Steven T. Jones
There's been much fretting among Mayor Gavin Newsom's critics that no serious candidate has yet stepped forward to challenge him. But that's not to nobody is challenging him. In fact, according the Elections Department, a baker's dozen of San Franciscans have filed for a potential run (the list won't be finalized until August). They are Cesar Ascarrunz, Rodney Hauge, Lonnie Holmes, Kenneth Kahn, Grasshopper Kaplan, Robert McCullough, Matthew Mengarelli, David Merlin, Antonio Mims, Malinka Moye, Robert Myers, Frederick Renz, and Ahimsa Porter Sumchai. None are exactly household names. The only one I know is Sumchai, whose base is basically Bayview Hunters Point lefties. But I had a chance this afternoon to chat with the latest mayoral candidate: David Merlin.
Fresh off his wrongful termination lawsuit settlement with Kaiser Permanente, Merlin had some time to focus on local political news just as Newsom was being criticized for being unaccountable, out of touch, and unwilling to meet with the Board of Supervisors, let alone work cooperatively with them. Merlin, an MBA who has held increasingly important administrative positions for almost as long as Newsom has been alive, decided he had something to offer his adopted city.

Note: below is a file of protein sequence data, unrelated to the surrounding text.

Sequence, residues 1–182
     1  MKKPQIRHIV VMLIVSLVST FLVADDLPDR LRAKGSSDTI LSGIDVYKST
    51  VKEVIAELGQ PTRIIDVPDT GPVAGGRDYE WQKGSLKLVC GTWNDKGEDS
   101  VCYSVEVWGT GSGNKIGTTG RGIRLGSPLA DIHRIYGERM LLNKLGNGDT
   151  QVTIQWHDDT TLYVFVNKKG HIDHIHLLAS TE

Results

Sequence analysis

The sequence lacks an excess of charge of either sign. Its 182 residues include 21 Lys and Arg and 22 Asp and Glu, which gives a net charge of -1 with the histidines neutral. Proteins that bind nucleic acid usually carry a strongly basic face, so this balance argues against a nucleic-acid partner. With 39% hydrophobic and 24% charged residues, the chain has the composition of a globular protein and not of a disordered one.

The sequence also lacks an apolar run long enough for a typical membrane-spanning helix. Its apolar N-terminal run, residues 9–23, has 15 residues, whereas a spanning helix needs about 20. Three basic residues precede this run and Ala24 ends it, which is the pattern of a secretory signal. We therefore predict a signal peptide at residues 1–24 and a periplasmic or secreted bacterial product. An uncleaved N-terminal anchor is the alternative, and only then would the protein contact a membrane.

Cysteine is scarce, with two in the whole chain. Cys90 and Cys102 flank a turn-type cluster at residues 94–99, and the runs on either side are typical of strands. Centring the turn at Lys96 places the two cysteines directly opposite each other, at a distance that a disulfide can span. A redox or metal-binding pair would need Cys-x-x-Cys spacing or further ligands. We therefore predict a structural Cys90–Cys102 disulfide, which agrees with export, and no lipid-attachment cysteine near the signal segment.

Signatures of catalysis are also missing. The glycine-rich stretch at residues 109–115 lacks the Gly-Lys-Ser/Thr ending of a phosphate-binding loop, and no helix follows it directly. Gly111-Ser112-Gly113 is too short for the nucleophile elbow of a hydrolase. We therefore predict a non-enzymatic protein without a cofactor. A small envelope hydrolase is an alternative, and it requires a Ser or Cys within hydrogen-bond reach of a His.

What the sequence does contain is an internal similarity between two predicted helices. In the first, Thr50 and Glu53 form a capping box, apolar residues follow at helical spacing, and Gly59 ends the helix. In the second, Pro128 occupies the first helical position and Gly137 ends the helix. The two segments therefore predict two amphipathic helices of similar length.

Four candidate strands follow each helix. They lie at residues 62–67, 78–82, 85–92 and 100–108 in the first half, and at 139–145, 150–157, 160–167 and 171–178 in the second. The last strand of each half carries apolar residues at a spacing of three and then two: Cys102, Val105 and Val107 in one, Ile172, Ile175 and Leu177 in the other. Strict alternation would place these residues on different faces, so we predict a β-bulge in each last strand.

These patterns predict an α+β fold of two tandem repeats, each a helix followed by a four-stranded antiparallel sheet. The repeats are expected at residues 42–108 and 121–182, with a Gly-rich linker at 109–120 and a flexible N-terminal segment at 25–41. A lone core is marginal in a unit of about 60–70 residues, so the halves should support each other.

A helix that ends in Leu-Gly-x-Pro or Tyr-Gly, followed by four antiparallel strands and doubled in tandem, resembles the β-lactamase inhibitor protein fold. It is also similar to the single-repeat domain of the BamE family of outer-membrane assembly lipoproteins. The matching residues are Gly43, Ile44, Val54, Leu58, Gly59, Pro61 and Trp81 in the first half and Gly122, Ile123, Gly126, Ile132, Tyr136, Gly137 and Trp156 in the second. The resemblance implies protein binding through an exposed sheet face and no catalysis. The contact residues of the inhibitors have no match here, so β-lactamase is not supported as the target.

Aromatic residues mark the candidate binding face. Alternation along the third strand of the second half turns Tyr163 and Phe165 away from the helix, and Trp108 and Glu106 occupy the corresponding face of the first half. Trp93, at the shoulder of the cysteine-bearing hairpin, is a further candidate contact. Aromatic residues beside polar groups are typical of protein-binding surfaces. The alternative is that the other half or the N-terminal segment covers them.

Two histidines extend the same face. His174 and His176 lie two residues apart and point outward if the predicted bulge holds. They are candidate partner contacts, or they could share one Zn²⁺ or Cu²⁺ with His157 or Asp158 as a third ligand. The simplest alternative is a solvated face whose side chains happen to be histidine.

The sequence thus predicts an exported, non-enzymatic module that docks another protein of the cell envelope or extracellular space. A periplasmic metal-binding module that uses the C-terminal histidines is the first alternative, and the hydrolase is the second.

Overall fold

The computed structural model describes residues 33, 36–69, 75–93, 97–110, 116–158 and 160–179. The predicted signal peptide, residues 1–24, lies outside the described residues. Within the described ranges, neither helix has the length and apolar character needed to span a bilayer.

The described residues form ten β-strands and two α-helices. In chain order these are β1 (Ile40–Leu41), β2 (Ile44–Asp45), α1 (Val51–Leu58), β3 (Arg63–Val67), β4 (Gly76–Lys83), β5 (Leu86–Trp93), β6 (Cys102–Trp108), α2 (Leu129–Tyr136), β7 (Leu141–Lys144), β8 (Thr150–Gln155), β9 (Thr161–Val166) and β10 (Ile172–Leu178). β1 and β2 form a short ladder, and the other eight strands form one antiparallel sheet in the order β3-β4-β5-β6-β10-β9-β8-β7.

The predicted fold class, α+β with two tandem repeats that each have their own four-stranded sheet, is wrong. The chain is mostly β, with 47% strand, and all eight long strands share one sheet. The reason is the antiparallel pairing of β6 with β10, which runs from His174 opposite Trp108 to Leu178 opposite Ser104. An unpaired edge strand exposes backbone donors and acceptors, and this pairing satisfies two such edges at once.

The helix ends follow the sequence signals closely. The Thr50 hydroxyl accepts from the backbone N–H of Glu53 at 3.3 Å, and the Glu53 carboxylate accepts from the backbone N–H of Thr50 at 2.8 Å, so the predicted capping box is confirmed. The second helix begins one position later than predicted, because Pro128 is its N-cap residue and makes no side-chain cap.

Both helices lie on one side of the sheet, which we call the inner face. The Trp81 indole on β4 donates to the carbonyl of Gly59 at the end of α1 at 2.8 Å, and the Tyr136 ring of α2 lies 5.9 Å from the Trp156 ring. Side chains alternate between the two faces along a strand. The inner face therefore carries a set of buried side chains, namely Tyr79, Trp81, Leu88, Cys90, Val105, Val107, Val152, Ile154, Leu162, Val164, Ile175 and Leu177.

"I'm outraged that the city is allowed to operate like this," he told me in City Hall this afternoon. "You have a CEO that has refused to meet with the board for three and a half years. You can't effectively govern the city with that kind of dynamic."
His resume may be long, but he has no political experience and has only lived in San Francisco for three years. Ideologically, he's a mixed bag, calling for the city to be tougher in negotiating with developers to get more affordable housing, while also criticizing the city's new Health Access Plan as an unfair burden on small businesses.
"What I have to say will resonate with a large block of voters who feel disenfranchised," he said. He'll probably find it's not that easy in politically sophisticated (and polarized) San Francisco. But he's done the math and believes that with his personal contribution, devoting himself full-time to the campaign, and taking advantage of the new public financing system, he thinks that he can run a solid campaign with around $750,000.
As for his first step, "I'm going to be meeting with anybody who will listen to me."